Seeing for the first time work from a choreographer I had never heard of but really like is a great feeling. Hofesh Shechter brought that to me, and I hope he’ll become a regular over here. Especially because even with this small sample size, there were already hints that he’s building something. In your rooms quoted movements from the slightly earlier Uprising, and in a way that made clear it was intentional. There might have been a little too much post-modern distance, but it was nicely rendered harmless by the physical engagement and the drumming. Not exactly a promising choreographer, he’s already delivering on those promises.

Uprising started a little too close to expectations with its aggressive interactions, but that went away in a hurry. There were a few striking individual moments, like the guy running with his arms outstretched but bent a little — that was used again in the other piece — but what I liked best were the group dynamics. Groups would form, split or meld seamlessly for most of the show, but each dancer kept a separate identity and that made the groups morph along. The way dancers crossed the stage, often in a sliding crouch, gave a sense of getting a glimpse of a bigger world, and doing that with such simple tools impressed me a lot. Another favorite moment involved shoulder movements on a lighted line in front of the stage.

The lighting was really good in the first piece, but it was even better in In your rooms, a crucial part indeed, and Lee Curran deserves a shout out. The light brought groups in and out of view, again giving a sense of snapshots of something wider going on, because they were already in motion and didn’t stop before disappearing. At first there was a screen in front that enhanced the effect, but it did work just as well without it. That feeling was made possible by the dance itself, which used a lot of repetitive back-and-forth elements, or longer term cycles, in both cases it was easy to imagine this going on both before and after. At times the whole stage would come into view, usually for bigger groups that also displayed Shechter’s mastery of those. All those dancers would only rarely be doing the same thing, and most of that seemed to be setting up the subgroups splitting into variants, with a fluid membership that didn’t break the rhythms at all, adding another dimension to it as the overall distribution of movement evolved. In contrast to the first piece, the dancers were much more interchangeable parts here, but that didn’t hurt because it was consistent with the off-on-off lighting. The individuality did come through, but over the long run, in a subdued way. Maybe as proof that there was no set boundary, there was also a full lights on part with a dancer drawing a line across the stage, then others stepping on the stage then retreating. Still that off-on-off thing though.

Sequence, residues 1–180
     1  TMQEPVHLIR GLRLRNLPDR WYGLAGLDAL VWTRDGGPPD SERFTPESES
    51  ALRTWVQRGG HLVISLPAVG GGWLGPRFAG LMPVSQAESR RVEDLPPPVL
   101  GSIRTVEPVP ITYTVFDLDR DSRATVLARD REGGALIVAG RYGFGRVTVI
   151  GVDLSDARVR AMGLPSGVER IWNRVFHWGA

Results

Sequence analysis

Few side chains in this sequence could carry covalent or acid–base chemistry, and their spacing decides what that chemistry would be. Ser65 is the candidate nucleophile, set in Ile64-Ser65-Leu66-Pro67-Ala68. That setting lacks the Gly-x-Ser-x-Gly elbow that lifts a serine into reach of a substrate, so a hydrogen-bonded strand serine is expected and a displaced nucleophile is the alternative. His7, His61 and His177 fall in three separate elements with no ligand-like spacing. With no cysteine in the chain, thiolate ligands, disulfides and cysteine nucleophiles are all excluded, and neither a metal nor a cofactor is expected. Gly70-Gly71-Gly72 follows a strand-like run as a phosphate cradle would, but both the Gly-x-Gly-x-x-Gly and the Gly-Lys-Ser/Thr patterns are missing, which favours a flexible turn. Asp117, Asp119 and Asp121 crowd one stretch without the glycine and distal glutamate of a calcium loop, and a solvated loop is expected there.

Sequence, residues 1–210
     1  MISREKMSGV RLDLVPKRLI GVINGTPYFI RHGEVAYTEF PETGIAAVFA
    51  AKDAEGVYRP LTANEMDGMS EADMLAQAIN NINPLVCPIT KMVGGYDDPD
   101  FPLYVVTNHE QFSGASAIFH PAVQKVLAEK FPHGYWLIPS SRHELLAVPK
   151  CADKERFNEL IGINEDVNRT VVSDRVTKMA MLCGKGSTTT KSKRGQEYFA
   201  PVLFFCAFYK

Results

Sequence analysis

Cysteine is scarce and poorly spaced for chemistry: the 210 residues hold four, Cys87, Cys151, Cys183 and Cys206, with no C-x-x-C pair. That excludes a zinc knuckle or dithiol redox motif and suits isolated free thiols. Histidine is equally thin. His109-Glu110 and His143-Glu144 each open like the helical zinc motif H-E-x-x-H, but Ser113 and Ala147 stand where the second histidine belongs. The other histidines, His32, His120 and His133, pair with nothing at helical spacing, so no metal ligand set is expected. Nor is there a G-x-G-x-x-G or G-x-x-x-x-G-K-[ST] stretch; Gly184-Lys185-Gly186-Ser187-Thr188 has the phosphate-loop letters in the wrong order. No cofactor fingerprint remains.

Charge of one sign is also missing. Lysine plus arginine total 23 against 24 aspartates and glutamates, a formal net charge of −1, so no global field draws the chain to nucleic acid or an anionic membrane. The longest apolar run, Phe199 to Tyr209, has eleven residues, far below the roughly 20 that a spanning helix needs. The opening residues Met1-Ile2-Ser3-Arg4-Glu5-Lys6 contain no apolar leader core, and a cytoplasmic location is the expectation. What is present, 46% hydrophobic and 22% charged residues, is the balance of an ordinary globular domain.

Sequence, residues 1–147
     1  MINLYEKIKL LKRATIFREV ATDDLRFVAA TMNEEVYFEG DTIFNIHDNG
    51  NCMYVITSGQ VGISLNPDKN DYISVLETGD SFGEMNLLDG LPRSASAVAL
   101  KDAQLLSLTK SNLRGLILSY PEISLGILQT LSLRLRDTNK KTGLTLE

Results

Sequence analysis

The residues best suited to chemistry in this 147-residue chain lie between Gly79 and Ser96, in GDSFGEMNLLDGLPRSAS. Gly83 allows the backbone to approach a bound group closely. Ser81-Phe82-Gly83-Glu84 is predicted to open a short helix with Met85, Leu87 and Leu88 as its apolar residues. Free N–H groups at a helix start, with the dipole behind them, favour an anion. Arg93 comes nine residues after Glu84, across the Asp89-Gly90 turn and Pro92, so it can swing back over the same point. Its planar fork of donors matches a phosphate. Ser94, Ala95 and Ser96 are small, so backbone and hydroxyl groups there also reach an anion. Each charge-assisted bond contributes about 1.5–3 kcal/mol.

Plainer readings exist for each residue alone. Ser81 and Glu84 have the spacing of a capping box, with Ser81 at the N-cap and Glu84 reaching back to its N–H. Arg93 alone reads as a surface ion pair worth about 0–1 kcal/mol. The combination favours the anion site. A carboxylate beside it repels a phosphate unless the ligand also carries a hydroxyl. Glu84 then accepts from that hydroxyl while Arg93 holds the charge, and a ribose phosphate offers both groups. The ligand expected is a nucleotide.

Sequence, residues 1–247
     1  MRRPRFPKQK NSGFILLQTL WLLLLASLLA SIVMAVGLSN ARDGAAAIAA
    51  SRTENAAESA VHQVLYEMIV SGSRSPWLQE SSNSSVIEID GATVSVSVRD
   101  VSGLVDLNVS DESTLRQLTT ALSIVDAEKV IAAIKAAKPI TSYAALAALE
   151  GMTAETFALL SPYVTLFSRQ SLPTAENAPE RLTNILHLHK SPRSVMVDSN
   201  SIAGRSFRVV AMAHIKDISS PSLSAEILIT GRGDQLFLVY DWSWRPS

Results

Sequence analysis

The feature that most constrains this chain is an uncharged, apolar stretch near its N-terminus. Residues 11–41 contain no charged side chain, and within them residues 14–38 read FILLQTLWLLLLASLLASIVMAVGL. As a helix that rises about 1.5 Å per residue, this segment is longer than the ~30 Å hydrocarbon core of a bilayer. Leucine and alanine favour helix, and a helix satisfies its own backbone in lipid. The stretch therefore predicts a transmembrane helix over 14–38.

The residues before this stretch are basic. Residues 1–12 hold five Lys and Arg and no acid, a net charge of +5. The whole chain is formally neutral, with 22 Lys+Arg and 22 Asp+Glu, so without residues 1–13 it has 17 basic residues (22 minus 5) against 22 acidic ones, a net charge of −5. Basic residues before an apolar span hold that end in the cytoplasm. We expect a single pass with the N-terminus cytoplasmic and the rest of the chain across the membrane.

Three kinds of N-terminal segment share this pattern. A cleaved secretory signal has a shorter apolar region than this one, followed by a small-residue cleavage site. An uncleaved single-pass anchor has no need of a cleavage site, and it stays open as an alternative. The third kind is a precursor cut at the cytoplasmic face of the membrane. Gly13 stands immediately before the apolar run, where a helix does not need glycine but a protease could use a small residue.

There’s so much more to these, and I already wish I could see In your rooms again because I’m sure I missed a lot. This one feels like a statement to me, and maybe I can look forward to him revisiting it in the future. In the meantime, I’m eager to see more of his work, hopefully next year.

February 27, 2010 Posted by | Dance | , | Leave a comment